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John Moritz Library: Websites & Online Media

Is it a webpage?

Not every source found online should be cited as a webpage. APA treats a source as a webpage only when it does not fit into another category. Evaluate your material carefully to determine whether it is a blog post, journal article, newspaper article, magazine article, encyclopedia, eBook, etc. Use the format which most accurately describes the source. 

Websites & Online Media

General Rules & Basic Structure

If you mention an entire website without referring to specific information within, you do not list it on the reference page. Instead, you refer to the website in your body's text (in sentence) and include the website URL (in parentheses). 

Ex: An excellent source of demographic data is freely available on the Census website (www.census.gov).

Apps, software, and other programs may be treated similarly. For apps and software, you do not have to list the URL.

Author Date Title Source URL

Author, A. A., & Author, B. B.

or

Name of Group.

(2020).

(2020, October 8).

(n.d.).

Title of work.

Site name.

 

https://xxxxxx

Site name. Retrieved December 22, 2020, from https://xxxx

 

News Sites

Webpage from a News Website

Note: Use this format for articles published in online news sources such as BBC News, HuffPost, CNN, etc. 

Format
Author's Last Name, First Initial. Second Initial if Given. (Year of Publication, Month Day if Given). Title of article: Subtitle if any. Name of News  Website. URL
Example
Epstein, D. (2017, February 22). When evidence says no, but doctors say yes. ProPublica. https://www.propublica.org/article/when-evidence-says-no-but-doctors-say-yes
In-Text Paraphrase

(Author's Last Name, Year)

Ex: (Epstein, 2017)

Article from Online Newspaper

Note: APA treats online newspaper sites like The New York Times differently than CNN. To us, they might feel the same: news articles in digital format. However, the sources are different: NYT is a long-running newspaper and CNN is a television news network that branched out when the World Wide Web became a common way for people to access information.

Format

Author's Last Name, First Initial. Second Initial if Given. (Year of Publication, Month Day if Given). Title of article: Subtitle if any. Name of Newspaper. URL

Example
Burbach, C. (2021, March 2). 'This is a good day for us': Omaha-area teachers to get COVID vaccinations on Saturday. Omaha World-Herald. https://omaha.com/news/local/education/this-is-a-good-day-for-us-omaha-area-teachers-to-get-covid-vaccinations-on/article_6142b35a-7b72-11eb-a5f1-df303c0c6291.html#tracking-source=home-top-story-1
In-Text Paraphrase

(Author's Last Name, Year)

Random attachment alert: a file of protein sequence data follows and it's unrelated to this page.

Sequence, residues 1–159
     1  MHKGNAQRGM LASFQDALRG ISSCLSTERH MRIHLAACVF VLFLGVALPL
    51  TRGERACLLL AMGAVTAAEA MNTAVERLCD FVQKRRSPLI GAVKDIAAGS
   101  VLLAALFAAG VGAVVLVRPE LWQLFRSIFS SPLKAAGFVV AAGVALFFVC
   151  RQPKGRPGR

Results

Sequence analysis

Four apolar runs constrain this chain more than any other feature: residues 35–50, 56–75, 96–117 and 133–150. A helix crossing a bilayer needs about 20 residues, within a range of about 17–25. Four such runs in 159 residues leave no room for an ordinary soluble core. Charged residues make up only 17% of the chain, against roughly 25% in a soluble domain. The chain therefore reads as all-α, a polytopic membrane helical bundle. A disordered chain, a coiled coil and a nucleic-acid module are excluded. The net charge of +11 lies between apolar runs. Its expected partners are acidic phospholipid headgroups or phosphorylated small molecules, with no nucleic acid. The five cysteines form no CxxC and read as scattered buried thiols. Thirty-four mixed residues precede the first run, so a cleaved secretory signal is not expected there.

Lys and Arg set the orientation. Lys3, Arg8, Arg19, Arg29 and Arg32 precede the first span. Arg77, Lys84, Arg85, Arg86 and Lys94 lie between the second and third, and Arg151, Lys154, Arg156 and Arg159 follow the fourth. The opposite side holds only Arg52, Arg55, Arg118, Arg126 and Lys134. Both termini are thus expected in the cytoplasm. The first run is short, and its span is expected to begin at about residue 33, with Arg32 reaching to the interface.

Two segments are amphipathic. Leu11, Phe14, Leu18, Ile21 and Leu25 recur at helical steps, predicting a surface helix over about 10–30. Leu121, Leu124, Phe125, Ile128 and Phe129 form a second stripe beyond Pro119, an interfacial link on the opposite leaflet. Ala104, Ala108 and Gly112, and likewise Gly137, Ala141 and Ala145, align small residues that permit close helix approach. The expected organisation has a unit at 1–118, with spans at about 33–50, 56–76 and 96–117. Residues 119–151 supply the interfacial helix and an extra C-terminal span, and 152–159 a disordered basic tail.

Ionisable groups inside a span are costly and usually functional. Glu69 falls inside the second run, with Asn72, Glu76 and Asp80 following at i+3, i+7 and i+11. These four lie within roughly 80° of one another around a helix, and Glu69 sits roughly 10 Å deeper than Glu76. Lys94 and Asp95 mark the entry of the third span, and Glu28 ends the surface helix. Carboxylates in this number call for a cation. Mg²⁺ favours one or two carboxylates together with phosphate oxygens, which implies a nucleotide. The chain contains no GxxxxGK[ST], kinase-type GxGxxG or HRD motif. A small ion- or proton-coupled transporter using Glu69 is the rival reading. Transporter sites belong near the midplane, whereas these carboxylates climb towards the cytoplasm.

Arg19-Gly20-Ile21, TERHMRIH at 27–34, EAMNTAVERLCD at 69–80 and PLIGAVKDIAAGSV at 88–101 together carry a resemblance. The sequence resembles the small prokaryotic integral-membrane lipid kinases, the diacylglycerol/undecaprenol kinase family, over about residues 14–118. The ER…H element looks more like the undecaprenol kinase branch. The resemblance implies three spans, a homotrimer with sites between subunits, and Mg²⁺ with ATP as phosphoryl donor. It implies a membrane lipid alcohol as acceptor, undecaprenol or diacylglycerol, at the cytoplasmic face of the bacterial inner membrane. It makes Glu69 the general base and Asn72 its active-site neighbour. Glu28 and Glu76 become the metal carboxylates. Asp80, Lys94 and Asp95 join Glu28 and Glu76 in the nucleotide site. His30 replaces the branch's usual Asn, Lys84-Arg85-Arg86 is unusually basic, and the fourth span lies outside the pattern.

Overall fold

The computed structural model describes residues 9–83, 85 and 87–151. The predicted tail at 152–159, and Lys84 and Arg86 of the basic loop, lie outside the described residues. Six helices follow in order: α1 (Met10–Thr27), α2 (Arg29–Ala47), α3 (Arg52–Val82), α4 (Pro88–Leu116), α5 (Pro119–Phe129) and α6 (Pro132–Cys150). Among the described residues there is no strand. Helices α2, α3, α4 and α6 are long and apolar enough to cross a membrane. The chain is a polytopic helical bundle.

Ex: (Burbach, 2021)

Blog Post & Personal Sites

 

Format
Author's Last Name, First initial. Second Initial if Given or Username if real name not provided. (Year blog post was published, Month Day). Title of blog post. Title of Blog. URL
Example
Ouellette, J. (2019, November 15). Physicists capture first footage of quantum knots unraveling in superfluid. Ars Technicahttps://arstechnica.com/science/2019/11/study-you-can-tie-a-quantum-knot-in-a-superfluid-but-it-will-soon-untie-itself/
In-Text Paraphrase

(Author's Last Name, Year)

Ex: (Ouellette, 2019)

Dictionaries & Encyclopedias

Online Dictionary, Thesaurus 

Note: Dating these sources can be tricky. If a date is provided (usually bottom or top of entry), include it in your citation. If it is continuously updated but does not appear to be archived or stable or list a date, then you will use (n.d.) as the year of publication and your retrieval date.

Format

Known author:

Author's Last Name, First Initial. Second Initial if Given. (Year of Publication).Title of entry. In Editor's First Initial. Second Initial if given. Last Name (Ed.), Name of encyclopedia or dictionary (edition if given and is not first edition). Retrieved date from URL

Group author:

Name of Group Author. (Year of Publication). Title of entry. In Editor's First Initial. Second Initial if given. Last Name (Ed.), Name of encyclopedia or dictionary (edition if given and is not first edition). Retrieved from date URL

 

Example
Merriam-Webster. (n.d.). Caprice. Merriam-Webster.com dictionary. Retrieved December 16, 2019, from https://www.merriam-webster.com/dictionary/caprice
In-Text Paraphrase

(Group author, Year)

Ex: (Merriam-Webster, n.d.)

 

Online Encyclopedia
Format Author of Entry, A. A. (Year of Publication). Title of entry. In B. B. Editor & C. C. Editor (Eds.), Title of encyclopedia (edition). Publisher. URL or DOI
Example

Author, no date:

Zelazko, A. (n.d.). Was Santa Claus a real person? Encyclopedia Britannica. Retrieved December 16, 2019, from https://www.britannica.com/story/was-santa-claus-a-real-person 

 

No author, no date: 

Encyclopaedia Britannica. (n.d.). Santa Claus: Legendary figure. Retrieved from https://www.britannica.com/topic/Santa-Claus

 

In-Text Paraphrase

(Author's Last Name, Year)

Ex: (Zelazko, n.d.)

 

Wikipedia
Format Title of entry. (Year article was edited, Month Day). In Wikipedia. URL for archived version of the article
Example

Archived entry:

Groundhog Day. (2021, February 10). In Wikipedia. https://en.wikipedia.org/w/index.php?title=Groundhog_Day&direction=next&oldid=1005909166
 

Note: Cite the archived version of the page, so readers see the same version you used. To do so, click on View History in the upper right corner of the article and then the time/date of the version you used. If a wiki does not provide permanent links to the archived versions you used, include the URL for the entry and the retrieval date (see below).

 

Non-archived entry:

Groundhog Day. (2021, February 10). In Wikipedia. Retrieved February 17, 2021, from https://en.wikipedia.org/wiki/Groundhog_Day

 

In-Text Paraphrase

("Title of entry", Year)

Ex: ("Groundhog Day", 2021)

 

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